Italian officials last week arrested a mayor on charges of supporting illegal immigration, the latest move in the populist government’s migration crackdown.
Italy’s financial police placed Domenico Lucano, mayor of the small Calabrian town of Riace, under house arrest while they investigate reports he spent a half million euros of public funds to house refugees and asylum seekers. Authorities also accused him of falsifying documents to allow immigrants to take over trash disposal contracts and organizing fake marriages to help female immigrants remain in the country.
Officials from Riace, a town of fewer than 2,000 residents, offered migrants free housing in abandoned homes, provided job training, and gave migrants micro-credit to launch businesses. Fortune magazine named Lucano one of the world’s 50 greatest leaders in 2016 for his work integrating migrants.
Italy’s new populist government has taken a tough stance against migration, including tightening its immigration laws and closing its ports to migrant rescue ships. Following Lucano’s arrest, Interior Minister Matteo Salvini praised the move. “What will all the do-gooders who want to fill Italy with immigrants say now,” he wrote in a Twitter post. —O.O.
India deported seven Rohingya Muslims to Myanmar, also known as Burma, the first deportations since a 2017 Indian government order to send back illegal immigrants.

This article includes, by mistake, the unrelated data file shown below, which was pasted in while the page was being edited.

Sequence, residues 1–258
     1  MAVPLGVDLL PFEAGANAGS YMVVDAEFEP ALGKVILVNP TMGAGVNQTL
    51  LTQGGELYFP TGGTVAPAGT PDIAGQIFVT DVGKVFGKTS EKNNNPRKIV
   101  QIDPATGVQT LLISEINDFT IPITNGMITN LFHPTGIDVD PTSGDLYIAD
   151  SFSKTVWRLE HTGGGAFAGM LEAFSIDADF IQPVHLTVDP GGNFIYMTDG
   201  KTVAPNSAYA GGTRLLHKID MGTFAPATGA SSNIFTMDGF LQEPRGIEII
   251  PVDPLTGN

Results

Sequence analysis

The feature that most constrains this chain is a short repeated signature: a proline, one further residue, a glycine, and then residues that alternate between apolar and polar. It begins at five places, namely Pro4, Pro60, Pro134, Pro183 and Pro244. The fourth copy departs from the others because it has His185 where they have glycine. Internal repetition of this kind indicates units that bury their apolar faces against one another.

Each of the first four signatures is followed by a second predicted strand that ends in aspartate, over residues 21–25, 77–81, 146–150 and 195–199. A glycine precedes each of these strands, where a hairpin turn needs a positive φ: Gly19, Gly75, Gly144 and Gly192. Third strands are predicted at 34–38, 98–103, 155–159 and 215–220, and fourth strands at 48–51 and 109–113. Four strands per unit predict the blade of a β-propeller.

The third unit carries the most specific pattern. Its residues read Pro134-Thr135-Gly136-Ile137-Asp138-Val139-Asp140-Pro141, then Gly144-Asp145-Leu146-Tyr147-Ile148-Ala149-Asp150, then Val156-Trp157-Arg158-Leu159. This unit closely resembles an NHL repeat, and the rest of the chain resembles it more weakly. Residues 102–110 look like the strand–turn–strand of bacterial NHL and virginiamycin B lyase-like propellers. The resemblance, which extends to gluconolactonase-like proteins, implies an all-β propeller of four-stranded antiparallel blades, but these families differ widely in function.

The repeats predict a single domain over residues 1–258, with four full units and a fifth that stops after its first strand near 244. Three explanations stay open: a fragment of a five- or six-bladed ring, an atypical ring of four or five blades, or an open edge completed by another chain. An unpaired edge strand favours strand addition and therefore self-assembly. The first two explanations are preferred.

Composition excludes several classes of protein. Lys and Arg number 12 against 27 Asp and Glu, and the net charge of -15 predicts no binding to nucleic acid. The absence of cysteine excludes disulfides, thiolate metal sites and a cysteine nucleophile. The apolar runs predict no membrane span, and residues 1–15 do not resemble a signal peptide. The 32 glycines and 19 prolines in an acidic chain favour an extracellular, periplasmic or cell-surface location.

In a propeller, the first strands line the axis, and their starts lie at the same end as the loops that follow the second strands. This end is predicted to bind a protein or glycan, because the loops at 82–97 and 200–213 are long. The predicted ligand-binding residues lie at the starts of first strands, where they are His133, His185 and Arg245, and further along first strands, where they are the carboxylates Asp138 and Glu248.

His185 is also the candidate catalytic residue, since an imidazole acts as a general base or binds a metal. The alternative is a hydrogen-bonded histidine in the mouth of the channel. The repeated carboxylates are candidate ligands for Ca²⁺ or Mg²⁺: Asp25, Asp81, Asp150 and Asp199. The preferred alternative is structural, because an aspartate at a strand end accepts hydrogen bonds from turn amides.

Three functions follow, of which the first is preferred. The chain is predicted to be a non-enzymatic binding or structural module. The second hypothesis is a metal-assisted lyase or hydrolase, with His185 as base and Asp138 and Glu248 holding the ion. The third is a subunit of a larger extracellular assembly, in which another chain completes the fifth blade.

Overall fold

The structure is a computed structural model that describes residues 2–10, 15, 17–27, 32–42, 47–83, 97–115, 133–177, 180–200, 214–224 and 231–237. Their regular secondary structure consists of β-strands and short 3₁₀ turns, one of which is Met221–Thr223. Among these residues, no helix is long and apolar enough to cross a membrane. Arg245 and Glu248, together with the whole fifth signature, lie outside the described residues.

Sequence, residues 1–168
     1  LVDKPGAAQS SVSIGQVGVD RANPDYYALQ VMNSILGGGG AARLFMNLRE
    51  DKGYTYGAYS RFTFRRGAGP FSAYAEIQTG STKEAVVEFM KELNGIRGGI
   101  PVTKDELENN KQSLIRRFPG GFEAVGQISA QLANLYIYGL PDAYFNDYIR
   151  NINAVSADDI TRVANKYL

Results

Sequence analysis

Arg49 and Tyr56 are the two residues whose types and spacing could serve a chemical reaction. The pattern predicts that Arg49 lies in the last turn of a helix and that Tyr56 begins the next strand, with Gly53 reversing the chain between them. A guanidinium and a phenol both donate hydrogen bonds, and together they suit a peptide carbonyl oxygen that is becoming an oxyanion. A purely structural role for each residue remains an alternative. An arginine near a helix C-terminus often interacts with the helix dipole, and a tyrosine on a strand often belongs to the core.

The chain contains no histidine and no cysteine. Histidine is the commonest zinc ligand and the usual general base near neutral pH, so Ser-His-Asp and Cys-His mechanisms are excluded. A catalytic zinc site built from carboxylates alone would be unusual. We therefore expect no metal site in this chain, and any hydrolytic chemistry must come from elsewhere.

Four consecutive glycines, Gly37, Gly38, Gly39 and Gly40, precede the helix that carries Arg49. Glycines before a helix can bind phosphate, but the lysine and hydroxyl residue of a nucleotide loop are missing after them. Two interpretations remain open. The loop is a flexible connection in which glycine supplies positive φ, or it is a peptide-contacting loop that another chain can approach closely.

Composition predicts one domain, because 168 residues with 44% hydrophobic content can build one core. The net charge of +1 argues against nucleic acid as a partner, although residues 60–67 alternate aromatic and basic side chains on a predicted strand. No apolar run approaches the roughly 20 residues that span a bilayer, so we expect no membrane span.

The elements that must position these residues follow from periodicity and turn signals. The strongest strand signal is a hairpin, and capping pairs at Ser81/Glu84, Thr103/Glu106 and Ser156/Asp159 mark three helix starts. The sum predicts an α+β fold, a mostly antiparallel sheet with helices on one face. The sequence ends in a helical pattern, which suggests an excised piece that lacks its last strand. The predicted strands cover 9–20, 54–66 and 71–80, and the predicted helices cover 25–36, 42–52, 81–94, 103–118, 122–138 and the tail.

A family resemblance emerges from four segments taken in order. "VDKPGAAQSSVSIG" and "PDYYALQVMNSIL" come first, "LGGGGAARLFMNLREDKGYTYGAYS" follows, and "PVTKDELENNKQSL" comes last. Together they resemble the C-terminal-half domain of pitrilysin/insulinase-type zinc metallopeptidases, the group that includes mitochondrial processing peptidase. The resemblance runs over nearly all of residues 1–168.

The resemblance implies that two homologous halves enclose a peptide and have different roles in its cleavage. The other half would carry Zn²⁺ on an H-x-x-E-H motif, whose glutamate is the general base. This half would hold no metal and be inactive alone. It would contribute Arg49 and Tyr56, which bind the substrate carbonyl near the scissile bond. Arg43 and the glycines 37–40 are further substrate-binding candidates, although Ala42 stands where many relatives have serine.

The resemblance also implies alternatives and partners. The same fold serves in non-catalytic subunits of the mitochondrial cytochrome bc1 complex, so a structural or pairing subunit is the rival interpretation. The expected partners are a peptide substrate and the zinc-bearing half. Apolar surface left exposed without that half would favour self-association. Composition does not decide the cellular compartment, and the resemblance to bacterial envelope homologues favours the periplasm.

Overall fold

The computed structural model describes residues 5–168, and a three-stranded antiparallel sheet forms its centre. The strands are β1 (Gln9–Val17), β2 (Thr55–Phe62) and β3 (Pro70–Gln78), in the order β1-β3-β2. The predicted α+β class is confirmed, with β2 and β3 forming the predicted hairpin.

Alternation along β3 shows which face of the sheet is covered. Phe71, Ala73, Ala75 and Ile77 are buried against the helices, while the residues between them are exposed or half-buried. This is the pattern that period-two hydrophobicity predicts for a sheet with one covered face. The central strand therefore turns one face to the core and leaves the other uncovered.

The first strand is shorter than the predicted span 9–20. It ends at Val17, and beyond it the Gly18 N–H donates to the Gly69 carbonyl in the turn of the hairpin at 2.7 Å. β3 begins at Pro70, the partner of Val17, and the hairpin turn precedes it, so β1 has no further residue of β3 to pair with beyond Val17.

India had detained the seven Rohingya men in jail in the northeast state of Assam since 2012, when they illegally entered the country. Authorities handed over the men to Myanmar officials at a border post in the town of Moreh in Manipur state on Thursday. Defense attorney Prashant Bhushan had argued the Indian government should treat the men as refugees and not illegal immigrants.
Following a 2017 crackdown on Rohingya Muslims in Myanmar’s Rakhine state, more than 750,000 Rohingya fled to neighboring Bangladesh. Some 40,000 others are in India, with only 15,000 of them registered with the United Nations.
In a statement, Amnesty International condemned the deportation, noting the “seven men are at grave risk of being subjected to serious human rights violations by the Myanmar government.” —O.O.
Government officials in Sudan recently returned several confiscated church properties and released a shipment of Bibles held in port for six years.
Authorities in September cleared a shipment of Arabic Bibles and sent it to the country’s capital, Khartoum, World Watch Monitor reported. Church leaders had asked for years for the shipment amid a nationwide Bible shortage.
World Watch Monitor also reported that officials in late September returned ownership of 19 Sudanese Church of Christ properties two years after government seizure. In August, a Sudanese court surprisingly ruled against the government and ordered the properties be returned to the church body.
Sudan is the fourth most difficult country in the world for Christians, according to Open Doors. —Julia A. Seymour